Down to the fact that many of us, grounded by pandemic restrictions, are experiencing it on TV. Or YouTube, anyway. As the Emmys, which took place over the weekend just as London Fashion Week got into full swing, argued, it’s the connective tissue of the moment; our shared unreal reality. In fashion, as in life.
Still, the forced videofication of these particular “shows” has been unfurling with mixed results.
What works on film and what works in the flesh are entirely different forms. But since it’s not that hard to imagine that at some point, if the current situation persists or the splintering of the fashion calendar really takes hold, videos will become part of the fabric of the regular fashion cycle, then coming to terms with what works onscreen is important. And it’s not simply a group of women, or men, strutting down a runway.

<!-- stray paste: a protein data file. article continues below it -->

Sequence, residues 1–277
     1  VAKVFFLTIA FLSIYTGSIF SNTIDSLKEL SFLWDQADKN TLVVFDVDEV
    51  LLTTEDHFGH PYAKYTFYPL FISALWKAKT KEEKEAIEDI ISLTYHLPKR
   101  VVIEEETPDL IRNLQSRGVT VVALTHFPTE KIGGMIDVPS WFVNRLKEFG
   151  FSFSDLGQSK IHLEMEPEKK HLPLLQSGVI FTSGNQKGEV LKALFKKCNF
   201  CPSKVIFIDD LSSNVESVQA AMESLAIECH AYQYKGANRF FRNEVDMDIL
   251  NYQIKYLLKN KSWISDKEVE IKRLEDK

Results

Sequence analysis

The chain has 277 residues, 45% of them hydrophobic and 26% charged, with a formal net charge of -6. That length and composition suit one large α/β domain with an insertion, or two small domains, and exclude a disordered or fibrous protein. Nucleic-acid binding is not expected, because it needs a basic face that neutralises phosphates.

There’s nothing wrong with that, from an informational point of view — and oftentimes, as with Molly Goddard’s subversive rainbow fripperies and Victoria Beckham’s slouchy power plays, the collections look very good — but the videos lack texture, any sense of raw emotion and mess. (It’s also very easy, after about three minutes, to look away.)
And given that the anti-sweatpants movement that began in New York reached a new level of intensity, and creativity, in London, attaching the clothes to the visceral, stomach-churning weirdness of now — to characters, as opposed to the robotic strut of the catwalk model — is what makes for really good fashion TV.
Article source: https://www.nytimes.com/2020/09/22/style/london-fashion-week-gareth-pugh-Christopher-kane-erdem.html